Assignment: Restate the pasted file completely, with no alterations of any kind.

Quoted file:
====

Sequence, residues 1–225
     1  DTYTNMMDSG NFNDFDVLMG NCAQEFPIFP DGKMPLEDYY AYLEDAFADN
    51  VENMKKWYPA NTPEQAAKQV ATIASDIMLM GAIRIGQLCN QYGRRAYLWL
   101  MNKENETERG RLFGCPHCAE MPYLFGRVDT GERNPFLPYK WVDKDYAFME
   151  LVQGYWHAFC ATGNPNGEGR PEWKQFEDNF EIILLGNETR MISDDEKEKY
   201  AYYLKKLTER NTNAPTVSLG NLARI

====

Sequence, residues 1–225
     1  DTYTNMMDSG NFNDFDVLMG NCAQEFPIFP DGKMPLEDYY AYLEDAFADN
    51  VENMKKWYPA NTPEQAAKQV ATIASDIMLM GAIRIGQLCN QYGRRAYLWL
   101  MNKENETERG RLFGCPHCAE MPYLFGRVDT GERNPFLPYK WVDKDYAFME
   151  LVQGYWHAFC ATGNPNGEGR PEWKQFEDNF EIILLGNETR MISDDEKEKY
   201  AYYLKKLTER NTNAPTVSLG NLARI